For those of you who want to be amazed by courageous people who defy cultural expectations, watch Fallen Flowers Thick Leaves (Tues 9 May) in which Hongli, a sex therapist encourages her clients to question traditional expectations of women in China and The Pearl of Africa (Sun 14 May) which follows transgendered Ugandan woman is outed on the front page of the biggest tabloid in Kampala.
For those who are curious about the new generation, make sure you see Check It (Mon 8 May) about a group of black queer youth fighting against violence and prejudice on the streets of Washington DC and When the Earth Seems to be Light (Weds 10 May) which follows a group of young Georgian misfit skaters trying to find their place in the world.
For those who want to explore crime and justice, do not miss 
Do Not Resist (Weds 17 May) about the militarisation of the US police force and Off the Rails (Mon 15 May) about a man with aspergers syndrome obsessed with trains who becomes embroiled in the US criminal justice system.
For those of you who love shorts, check out the cinematic gems at Australian Shorts (Fri 5 May) and International Shorts (Tues 9 May). We’re also proud to present two more international shorts program called Defiance and Departure.
For those who are true cinephiles, join Melbourne Cinematheque’s feature of Water Rites (Weds 10 May), featuring two films Redes and A River Called Titas restored by Martin Scorsese’s World Cinema Project.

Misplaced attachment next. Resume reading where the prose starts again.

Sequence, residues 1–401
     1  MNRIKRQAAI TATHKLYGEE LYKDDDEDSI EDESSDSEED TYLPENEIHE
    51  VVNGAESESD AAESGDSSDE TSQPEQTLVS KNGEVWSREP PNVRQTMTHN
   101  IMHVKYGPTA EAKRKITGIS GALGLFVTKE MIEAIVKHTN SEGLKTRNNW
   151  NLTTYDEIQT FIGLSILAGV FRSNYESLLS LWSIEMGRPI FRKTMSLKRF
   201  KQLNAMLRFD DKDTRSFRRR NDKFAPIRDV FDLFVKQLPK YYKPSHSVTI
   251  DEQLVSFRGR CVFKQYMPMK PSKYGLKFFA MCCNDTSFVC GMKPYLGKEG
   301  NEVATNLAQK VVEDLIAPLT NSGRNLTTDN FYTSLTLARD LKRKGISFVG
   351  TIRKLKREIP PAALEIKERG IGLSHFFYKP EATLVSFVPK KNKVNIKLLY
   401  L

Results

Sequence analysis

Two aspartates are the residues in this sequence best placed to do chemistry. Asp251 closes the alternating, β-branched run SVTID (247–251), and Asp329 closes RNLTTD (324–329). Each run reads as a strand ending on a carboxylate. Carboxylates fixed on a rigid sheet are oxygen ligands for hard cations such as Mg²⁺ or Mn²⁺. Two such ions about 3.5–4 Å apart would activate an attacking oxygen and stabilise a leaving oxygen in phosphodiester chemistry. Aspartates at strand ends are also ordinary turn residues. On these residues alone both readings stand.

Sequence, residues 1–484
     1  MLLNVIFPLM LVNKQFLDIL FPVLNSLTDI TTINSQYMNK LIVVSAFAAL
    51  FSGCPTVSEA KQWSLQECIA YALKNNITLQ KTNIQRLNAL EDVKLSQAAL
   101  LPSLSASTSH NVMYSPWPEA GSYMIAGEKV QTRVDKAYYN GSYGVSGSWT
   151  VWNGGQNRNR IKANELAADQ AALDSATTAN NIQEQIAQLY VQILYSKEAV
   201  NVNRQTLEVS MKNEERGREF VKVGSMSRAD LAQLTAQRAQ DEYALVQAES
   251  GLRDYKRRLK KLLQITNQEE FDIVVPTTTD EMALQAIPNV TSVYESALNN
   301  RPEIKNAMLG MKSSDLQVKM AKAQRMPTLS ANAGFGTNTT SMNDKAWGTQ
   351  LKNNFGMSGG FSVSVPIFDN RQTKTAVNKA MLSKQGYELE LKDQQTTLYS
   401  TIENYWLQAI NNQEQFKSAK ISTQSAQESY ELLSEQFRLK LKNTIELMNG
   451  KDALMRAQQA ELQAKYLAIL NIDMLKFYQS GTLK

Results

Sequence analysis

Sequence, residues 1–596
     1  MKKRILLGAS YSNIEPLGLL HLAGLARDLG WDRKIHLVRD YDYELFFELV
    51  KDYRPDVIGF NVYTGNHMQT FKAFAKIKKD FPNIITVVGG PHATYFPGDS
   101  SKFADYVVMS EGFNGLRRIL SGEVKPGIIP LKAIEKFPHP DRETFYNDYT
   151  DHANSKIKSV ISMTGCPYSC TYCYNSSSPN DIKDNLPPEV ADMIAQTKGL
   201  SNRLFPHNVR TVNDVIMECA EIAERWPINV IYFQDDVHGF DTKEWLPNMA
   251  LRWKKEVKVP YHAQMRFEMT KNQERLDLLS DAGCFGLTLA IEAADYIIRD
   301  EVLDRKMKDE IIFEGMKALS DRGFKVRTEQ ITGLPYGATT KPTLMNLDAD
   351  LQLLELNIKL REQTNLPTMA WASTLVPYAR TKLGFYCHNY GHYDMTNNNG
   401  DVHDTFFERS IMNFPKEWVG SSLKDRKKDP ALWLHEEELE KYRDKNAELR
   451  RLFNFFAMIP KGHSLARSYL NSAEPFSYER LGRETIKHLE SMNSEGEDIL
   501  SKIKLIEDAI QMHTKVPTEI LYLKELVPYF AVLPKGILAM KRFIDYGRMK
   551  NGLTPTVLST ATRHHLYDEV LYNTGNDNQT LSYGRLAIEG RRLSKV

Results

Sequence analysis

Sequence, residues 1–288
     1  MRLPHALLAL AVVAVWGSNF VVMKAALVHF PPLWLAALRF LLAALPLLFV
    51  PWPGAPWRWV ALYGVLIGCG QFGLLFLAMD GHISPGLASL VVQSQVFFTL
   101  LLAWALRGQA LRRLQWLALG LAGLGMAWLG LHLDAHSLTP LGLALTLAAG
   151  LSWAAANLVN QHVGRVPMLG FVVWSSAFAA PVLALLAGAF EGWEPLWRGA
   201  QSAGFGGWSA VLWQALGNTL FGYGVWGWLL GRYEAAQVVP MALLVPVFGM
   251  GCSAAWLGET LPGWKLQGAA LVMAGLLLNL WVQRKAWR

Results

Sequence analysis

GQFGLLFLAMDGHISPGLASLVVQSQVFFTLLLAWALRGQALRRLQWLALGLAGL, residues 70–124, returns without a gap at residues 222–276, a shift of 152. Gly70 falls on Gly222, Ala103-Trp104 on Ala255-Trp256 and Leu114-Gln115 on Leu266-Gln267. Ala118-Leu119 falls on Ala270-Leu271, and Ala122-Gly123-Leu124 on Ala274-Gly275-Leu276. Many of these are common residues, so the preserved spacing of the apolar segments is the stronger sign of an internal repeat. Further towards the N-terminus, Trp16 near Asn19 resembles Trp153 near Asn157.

For those of you who want to learn more, come to HRAFF Talks our discussion forum series.  This year we present: Cinema and Social Impact, Immigration and Integration, Protest and Solidarity: First Nations and Indigenous Peoples and All is Love.
For those of you who love art, explore HRAFF’s extraordinary (mostly) FREE art program this year with Kaff-eine’s Happyland exhibition, Behind the Wire: Stories from Detention (ticketed), Koori Heritage Trust’s Weaving the Waterways and Listen to Your Elders, Rushdi Anwar’s Reframe Home with Patterns of Displacement, Rohingya: Refugee Crisis in Colour and Conflicted: Works from the Vietnam Archive Project.
For those of you who are not located in Melbourne, HRAFF is touring nationally and we’d love to see you at one of these screenings:
Sydney 23-27 May
Canberra 29-31 May
Perth 1 June
Brisbane 1-3 June
Hobart 2 June
For those of you who can’t make it but would like to support HRAFF and the work that we do, such as our collaborative art and community projects and our Cineseeds youth focused program, you can make a donation. Large or small, your gift will make a real difference!
Evelyn Tadros founded and co-directed the Human Rights Arts and Film Festival and is currently Chair of the board.